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First I should say I am not a linguist, but try to understand it to help my English.

In my native language, Persian, we do much use "Ke" (که) which almost corresponds to "which, who, that" in relative clauses and subordinate clauses

Then, I would like to know how much it corresponds with "that" in English and if the sentences bellow with "that" are grammatical or not?

Ummm.... (just literal translations)

1) The students who were absent, that I prefer not to mention their names, should do this practice...

2) We were walking, that suddenly a car stopped in front of us...

3) that you said you won't go there. Ok I got it... (conversation)

4) I was reading a book that he entered the room

5) People who (that) can't accept it, that by accident are from your country, that off course are respectable, should know ....

6) I was so happy that I started to cry.

If they are not grammatical, and if you yet understand them, what would be the correct sentence for each?

My own interpretation is that in Persian we extra pose "Ke" (sometimes to add emphasis) for example the sentence 1 might be

1) The students who were absent, I prefer that not to mention their names, should do this practice...

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  • I'm no linguist either, but I can tell you, of all your sentences, on (6) is idiomatic: native speakers would find each of the others problematic in one way or another. That said, (2) and (4) are trivial fixes: change that to when. (1) requires a reformation: most native speakers would phrase it "..., whose names I prefer not to mention, ...". (3) and (5) are trickier, because it's not clear to me what you're expressing with the that.
    – Dan Bron
    Jul 28 '15 at 10:24
  • @DanBron thanks, however by (1) I don't refer to students, it's more like a paranthetical phrase like The students who were absent, that I am not sure why, should do this...
    – Ahmad
    Jul 28 '15 at 10:52
  • @DanBron in (3) that refers to what you said, it is You said that you won't go there, in (5) that refers to "by accident are from your country" and "off course are respectable"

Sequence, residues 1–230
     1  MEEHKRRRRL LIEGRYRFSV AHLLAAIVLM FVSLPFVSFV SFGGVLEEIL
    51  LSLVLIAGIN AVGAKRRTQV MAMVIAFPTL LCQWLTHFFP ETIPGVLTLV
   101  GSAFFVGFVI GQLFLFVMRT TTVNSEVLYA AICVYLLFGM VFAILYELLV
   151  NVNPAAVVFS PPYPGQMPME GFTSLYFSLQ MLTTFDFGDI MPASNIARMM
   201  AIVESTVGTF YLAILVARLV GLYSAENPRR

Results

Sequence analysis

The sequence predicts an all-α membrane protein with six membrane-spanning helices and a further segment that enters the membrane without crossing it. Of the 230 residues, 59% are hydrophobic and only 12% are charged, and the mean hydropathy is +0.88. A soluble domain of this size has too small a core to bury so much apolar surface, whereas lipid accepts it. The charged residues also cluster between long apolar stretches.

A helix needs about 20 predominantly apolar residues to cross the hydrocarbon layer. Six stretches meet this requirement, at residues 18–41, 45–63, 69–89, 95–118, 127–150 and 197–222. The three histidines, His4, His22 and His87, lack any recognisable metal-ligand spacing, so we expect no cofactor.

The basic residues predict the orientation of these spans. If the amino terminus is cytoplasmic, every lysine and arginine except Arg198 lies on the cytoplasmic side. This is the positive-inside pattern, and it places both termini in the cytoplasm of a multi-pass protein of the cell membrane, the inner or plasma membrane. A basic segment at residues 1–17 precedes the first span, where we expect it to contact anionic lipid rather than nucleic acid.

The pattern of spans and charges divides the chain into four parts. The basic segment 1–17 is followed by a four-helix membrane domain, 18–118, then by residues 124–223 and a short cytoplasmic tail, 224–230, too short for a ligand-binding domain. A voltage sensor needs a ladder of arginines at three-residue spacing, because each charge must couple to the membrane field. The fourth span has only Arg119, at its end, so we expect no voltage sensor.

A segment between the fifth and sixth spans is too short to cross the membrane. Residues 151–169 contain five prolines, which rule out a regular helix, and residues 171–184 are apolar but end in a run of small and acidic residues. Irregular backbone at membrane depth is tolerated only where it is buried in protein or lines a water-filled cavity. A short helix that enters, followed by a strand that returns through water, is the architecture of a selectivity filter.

– Ahmad
    Jul 28 '15 at 10:55
  • @DanBron I think "Ke" in Persian sometimes signals that we are going to add an information
    – Ahmad
    Jul 28 '15 at 10:58
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Here are my edits, mostly echoing comments already made:

1) The students who were absent, whose names I prefer not to mention, should do this practice...

2) We were walking, when suddenly a car stopped in front of us...

3) What you said -- you won't go there. Ok I got it... (conversation)

4) I was reading a book when he entered the room

5) People who (that) can't accept it, who incidentally are from your country, who of course are respectable, should know ....

6) [OK as is!] I was so happy that I started to cry.

While in traditional grammar, English "that" is analyzed as a relative pronoun, the recent consensus seems to be that "that" introduces relative clauses whose relative pronoun is then elided, but "that" itself is not a pronoun.

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  • What if I say, "the students who were absent, that I don't know why, should do this practice". Maybe just "Ke" in Persian is not that straightly translatable to English. As another example "I was cleaning it that it broke" might not be "I was cleaning it when it broke", perhaps "I was cleaning it, then it broke"
    – Ahmad
    Jul 28 '15 at 17:58
  • (3) is even odd in Persian, it is as I said an extra position of "that" pointing to subordinate clause of "said" to put emphasis on it, That you said I can't catch you?, now you see that you are in my hand
    – Ahmad
    Jul 28 '15 at 18:00
  • The closest English I can find to "the students who were absent, that I don't know why, should do this practice" is *"the students who were absent, which I don't know why, should do this (practice)". But it's non-standard.
    – Greg Lee
    Jul 28 '15 at 19:03
  • Yes, maybe non-standard in formal Persian, but something that is said
    – Ahmad
    Jul 28 '15 at 19:08
  • Well, I meant that "...who were absent, which I don't know why they were," is not standard English. I have a vague recollection that Tom Sawyer's English, as depicted by Mark Twain, had such constructions.
    – Greg Lee
    Jul 28 '15 at 21:30

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